An international team of researchers has uncovered what appears to be fragments of 75 million-year-old DNA from a dinosaur hatchling, bringing the concept behind Jurassic Park one step closer to reality. Previously, it was broadly accepted that the maximum amount of time that DNA could survive in a fossil was
It is commonly accepted that the dinosaurs were driven to extinction by the drastic change in Earth’s climate brought about by the impact of a massive asteroid that occurred 66 million years ago. There is, however, evidence that the planet’s environment was already being upended by massive volcanic activity on
An analysis of 29 prehistoric footprints found on the west coast of Canada have revealed that they are 13,000 years old, making them the oldest known footprints in North America. While older archeological remains have been uncovered elsewhere on the continent, this find adds to the body of evidence that modern humans were present on North America’s west coast well before the end of the last Ice Age, in this case over 2,500 years before the current geological era, the Holocene, began.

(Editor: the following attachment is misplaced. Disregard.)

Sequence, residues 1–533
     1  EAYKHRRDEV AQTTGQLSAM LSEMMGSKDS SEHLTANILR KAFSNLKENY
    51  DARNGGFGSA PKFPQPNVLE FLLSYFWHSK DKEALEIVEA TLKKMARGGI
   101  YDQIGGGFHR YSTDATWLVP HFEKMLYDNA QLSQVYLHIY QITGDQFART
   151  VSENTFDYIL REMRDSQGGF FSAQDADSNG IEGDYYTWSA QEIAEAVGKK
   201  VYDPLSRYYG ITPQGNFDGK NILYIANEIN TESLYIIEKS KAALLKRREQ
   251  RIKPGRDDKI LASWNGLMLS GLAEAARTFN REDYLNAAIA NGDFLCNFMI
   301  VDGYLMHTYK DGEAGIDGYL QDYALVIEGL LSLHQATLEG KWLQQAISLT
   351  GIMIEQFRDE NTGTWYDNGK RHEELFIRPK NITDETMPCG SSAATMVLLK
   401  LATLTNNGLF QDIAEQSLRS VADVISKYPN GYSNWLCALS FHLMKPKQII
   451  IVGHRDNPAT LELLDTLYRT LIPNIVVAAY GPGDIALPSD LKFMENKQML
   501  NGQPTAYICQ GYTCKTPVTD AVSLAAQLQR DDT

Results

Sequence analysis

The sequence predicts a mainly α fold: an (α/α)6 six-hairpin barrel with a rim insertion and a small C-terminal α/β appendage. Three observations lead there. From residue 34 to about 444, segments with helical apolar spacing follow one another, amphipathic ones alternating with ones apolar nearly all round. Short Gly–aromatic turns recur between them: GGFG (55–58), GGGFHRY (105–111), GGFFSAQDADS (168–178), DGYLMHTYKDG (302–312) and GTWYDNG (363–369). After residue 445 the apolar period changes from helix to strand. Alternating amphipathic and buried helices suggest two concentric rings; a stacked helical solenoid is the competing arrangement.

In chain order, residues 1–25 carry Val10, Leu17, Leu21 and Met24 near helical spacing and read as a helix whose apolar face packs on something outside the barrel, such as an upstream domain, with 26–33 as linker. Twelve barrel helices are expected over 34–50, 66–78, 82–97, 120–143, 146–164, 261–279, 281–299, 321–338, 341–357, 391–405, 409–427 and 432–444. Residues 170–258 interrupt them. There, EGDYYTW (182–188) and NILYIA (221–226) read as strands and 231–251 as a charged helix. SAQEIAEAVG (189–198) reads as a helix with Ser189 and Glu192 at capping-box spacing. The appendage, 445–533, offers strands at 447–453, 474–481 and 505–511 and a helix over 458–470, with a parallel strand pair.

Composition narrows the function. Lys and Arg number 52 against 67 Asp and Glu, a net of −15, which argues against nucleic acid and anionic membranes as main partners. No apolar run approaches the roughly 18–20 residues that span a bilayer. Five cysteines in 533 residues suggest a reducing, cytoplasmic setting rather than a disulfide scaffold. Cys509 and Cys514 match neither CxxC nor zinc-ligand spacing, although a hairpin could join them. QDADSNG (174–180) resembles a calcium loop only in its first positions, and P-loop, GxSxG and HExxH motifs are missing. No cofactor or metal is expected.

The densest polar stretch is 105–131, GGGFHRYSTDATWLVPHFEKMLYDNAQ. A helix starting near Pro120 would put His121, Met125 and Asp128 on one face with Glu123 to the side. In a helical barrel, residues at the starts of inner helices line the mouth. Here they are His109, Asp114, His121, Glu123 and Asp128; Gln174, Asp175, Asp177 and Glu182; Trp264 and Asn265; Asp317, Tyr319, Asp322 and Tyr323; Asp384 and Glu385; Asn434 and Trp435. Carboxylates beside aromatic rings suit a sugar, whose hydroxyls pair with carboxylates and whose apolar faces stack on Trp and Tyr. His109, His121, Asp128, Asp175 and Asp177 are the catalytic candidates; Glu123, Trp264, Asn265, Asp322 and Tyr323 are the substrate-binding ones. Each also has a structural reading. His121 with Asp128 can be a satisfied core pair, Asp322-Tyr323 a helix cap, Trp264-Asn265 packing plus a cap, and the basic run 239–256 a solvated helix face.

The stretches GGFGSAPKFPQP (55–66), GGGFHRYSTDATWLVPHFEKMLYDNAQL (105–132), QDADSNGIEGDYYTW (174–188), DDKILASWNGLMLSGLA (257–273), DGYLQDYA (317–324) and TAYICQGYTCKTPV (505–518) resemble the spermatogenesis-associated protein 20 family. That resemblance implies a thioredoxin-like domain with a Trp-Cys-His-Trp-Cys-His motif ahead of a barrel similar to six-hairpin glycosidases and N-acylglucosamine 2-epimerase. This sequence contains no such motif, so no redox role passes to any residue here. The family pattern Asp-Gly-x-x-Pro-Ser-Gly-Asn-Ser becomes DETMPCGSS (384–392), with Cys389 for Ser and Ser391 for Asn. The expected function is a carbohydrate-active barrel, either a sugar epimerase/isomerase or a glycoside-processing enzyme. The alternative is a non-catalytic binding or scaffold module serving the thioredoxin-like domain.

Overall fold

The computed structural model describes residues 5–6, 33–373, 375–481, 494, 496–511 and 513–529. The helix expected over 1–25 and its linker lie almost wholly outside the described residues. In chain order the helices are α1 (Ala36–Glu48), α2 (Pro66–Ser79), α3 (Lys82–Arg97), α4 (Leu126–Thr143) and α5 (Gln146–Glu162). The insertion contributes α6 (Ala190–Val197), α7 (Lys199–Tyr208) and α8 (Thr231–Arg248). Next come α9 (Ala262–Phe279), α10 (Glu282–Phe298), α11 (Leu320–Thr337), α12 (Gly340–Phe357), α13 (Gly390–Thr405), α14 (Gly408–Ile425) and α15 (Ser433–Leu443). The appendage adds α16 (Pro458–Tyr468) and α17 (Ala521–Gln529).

The definitive dating of the remains of the extinct hominin Homo naledi has been completed, and the results have left researchers’ original assumptions about the age of the creature in the dust: initially thought to be 2.5 million years old, the remains have been found to be only one-tenth of that age, at roughly 250,000 years — meaning that this species co-existed with modern humans.